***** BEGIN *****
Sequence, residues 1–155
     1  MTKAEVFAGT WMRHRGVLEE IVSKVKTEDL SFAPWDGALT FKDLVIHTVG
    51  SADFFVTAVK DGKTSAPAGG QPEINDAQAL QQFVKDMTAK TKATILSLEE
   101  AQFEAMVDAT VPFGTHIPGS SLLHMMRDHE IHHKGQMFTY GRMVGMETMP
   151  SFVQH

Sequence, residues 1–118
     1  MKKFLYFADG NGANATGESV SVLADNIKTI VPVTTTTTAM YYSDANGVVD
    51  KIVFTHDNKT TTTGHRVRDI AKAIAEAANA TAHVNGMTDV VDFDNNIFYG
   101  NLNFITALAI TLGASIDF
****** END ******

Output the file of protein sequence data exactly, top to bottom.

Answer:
Sequence, residues 1–155
     1  MTKAEVFAGT WMRHRGVLEE IVSKVKTEDL SFAPWDGALT FKDLVIHTVG
    51  SADFFVTAVK DGKTSAPAGG QPEINDAQAL QQFVKDMTAK TKATILSLEE
   101  AQFEAMVDAT VPFGTHIPGS SLLHMMRDHE IHHKGQMFTY GRMVGMETMP
   151  SFVQH

Sequence, residues 1–118
     1  MKKFLYFADG NGANATGESV SVLADNIKTI VPVTTTTTAM YYSDANGVVD
    51  KIVFTHDNKT TTTGHRVRDI AKAIAEAANA TAHVNGMTDV VDFDNNIFYG
   101  NLNFITALAI TLGASIDF